The study also documented low rates of access to insurance coverage and poor awareness related to legal compensation among truck drivers. Two-thirds of truck drivers interviewed for the survey were not aware of third-party liability insurance. None of the drivers had applied for or benefited from cashless treatment at hospitals, Solatium Fund for hit and run cases or ex-gratia schemes.

“Road crashes can have a devastating and disproportionate impact on the poor, thrusting a family into deep poverty,” said Hartwig Schafer, World Bank Vice-President for the South Asia region. “The World Bank is committed to supporting the Indian government in creating safety netsfor poor households to easetheir financial burden and help them cope with the sudden emergency linked to road crashes,” he added.

In addition to the financial losses, the report highlights the social impact of road traffic injuries. About 64 percent of low-income households reported a deterioration in their standard of living (more than twice reported by high-income households), while more than 50 percent reported mental depression post-crash.

“The findings of the report identify the areas that require immediate improvements such as efforts towards post-crash emergency care and protocols, insurance and compensation systems. It also presents an opportunity for development agencies, policymakers and respective state governments to prioritize a complete policy overhaul of the existing system and implement sustainable solution-oriented, inclusive measures to improve their performance on road safety,”said Piyush Tewari, CEO and founder of SaveLIFE Foundation.

The report recommends making health infrastructure and coverage more accessible and inclusive; providing social security net for crash victims from low-income households through state support; creating an accessible legal framework for availing insurance and compensation for road crash victims; recognizing the gender impact of road crashes and addressing it through participative governance and special schemes for women; and strengthening post-crash support for children and young adults through state support.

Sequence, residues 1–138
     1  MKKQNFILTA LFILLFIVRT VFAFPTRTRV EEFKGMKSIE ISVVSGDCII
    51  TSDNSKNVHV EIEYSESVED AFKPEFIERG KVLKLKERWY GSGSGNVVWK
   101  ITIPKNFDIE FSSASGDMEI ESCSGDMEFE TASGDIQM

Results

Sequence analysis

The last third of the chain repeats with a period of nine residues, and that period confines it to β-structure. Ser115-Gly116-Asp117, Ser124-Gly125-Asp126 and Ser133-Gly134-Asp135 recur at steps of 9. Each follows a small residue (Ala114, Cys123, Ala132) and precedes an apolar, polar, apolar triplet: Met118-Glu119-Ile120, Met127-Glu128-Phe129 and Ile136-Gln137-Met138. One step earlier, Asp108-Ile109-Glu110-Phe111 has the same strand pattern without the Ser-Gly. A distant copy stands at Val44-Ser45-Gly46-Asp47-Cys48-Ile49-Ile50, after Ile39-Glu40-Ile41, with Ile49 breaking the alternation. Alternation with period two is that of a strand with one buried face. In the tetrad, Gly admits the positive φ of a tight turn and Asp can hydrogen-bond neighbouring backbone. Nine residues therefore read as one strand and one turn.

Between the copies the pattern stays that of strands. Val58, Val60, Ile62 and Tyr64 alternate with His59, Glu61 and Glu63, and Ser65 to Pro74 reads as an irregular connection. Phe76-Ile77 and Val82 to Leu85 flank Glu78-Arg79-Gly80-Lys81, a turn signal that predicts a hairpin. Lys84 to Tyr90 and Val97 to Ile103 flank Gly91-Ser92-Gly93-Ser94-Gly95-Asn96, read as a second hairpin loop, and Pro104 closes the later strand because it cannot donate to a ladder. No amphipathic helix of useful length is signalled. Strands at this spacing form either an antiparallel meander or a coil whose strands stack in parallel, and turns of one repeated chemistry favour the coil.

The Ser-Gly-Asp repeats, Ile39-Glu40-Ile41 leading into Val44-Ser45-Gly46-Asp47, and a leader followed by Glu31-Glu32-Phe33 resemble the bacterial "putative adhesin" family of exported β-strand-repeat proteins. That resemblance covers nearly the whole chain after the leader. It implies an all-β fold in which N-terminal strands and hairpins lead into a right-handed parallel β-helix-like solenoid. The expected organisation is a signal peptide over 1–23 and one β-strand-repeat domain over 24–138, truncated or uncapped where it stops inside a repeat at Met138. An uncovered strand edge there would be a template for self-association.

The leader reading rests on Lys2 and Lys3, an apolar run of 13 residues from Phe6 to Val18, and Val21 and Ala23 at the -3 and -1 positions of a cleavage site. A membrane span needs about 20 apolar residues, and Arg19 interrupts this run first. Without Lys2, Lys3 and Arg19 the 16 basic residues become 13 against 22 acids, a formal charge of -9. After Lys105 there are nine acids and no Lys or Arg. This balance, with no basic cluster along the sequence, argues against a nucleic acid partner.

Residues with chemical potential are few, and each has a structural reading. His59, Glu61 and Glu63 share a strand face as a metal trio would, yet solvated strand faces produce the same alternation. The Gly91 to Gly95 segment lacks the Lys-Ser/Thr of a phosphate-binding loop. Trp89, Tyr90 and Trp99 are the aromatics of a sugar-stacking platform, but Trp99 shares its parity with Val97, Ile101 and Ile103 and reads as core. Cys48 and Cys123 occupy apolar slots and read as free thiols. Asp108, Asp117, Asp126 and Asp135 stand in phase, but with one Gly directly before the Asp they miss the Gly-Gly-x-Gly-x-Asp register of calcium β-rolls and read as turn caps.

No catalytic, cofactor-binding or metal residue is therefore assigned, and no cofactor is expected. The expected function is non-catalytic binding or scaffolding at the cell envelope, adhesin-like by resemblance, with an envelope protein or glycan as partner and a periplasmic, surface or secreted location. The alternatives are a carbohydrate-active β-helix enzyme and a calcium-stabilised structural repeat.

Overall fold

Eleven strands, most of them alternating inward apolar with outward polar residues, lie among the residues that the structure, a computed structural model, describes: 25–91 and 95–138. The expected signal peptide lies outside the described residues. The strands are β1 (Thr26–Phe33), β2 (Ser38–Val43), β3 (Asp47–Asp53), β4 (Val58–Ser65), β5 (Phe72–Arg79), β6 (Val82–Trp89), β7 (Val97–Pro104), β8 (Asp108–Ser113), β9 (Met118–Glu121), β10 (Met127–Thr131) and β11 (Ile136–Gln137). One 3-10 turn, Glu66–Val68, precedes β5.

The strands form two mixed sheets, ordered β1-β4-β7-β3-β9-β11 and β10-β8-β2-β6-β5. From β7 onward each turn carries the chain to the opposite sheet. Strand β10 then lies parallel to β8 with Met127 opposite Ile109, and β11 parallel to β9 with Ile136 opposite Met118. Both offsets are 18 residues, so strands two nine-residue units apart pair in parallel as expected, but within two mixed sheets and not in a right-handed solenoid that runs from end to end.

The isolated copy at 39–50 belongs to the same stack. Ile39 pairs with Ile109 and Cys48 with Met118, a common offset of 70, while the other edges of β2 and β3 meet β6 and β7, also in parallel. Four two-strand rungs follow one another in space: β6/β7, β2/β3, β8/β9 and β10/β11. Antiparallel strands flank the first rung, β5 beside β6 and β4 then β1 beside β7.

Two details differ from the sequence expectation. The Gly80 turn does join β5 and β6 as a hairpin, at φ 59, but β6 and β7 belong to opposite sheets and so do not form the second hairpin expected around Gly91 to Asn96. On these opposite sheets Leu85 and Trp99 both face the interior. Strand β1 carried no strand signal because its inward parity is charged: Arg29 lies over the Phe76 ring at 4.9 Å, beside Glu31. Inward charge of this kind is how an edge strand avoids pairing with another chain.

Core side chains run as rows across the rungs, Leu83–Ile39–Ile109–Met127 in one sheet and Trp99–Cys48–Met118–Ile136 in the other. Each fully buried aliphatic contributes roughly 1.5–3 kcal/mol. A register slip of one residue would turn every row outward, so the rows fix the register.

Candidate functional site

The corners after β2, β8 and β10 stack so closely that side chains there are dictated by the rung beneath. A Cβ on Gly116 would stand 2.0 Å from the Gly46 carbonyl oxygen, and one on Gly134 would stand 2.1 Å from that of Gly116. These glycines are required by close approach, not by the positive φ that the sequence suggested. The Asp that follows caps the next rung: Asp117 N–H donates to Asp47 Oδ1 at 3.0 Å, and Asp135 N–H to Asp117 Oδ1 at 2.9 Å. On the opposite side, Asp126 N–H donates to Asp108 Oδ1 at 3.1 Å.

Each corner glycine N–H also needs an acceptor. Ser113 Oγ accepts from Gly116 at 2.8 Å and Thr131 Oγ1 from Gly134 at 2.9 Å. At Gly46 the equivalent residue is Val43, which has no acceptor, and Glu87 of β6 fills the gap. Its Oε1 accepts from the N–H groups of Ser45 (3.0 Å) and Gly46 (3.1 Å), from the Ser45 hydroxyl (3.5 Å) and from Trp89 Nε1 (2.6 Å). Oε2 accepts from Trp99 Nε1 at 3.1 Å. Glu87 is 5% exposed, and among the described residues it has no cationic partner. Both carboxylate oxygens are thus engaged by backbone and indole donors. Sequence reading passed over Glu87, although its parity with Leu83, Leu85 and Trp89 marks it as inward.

MoRTH to engage with SaveLife Foundation and World Bank
Transport Minister Nitin Gadkari mentioned that  the report is “one of the eye-opening reports for the government. We will look to frame relevant laws and policies to address the challenges and work on the recommendations.”

He further mentioned that it is not possible for any single stakeholder to address the alarming situation, and hence the government is looking to engage with all relevant stakeholders to improve the road safety aspect in the country. “We will look to engage with IITs and engineering colleges and institutions to enhance safety. Next year the Road Safety Week will be carried out by the Road Safety Council which will be headed by a senior retired IAS officer to sensitise and create awareness around the topic.”

He added that the Road Transport Ministry will have a meeting in the next 15 days with SaveLife Foundation and World Bank and will look at the recommendations and plan out what steps are needed to be taken. MoRTH will also present recommendations to other ministries where applicable. “We need cooperation from all stakeholders including state governments to implement and rectify policies to ensure road safety,” said Gadkari.

When queried about the introduction of Bharat NCAP, Gadkari said, “SIAM is already working on Bharat NCAP, we will take cooperation from all stakeholders to help make it a success.”

Photographs: Subhash Simhudu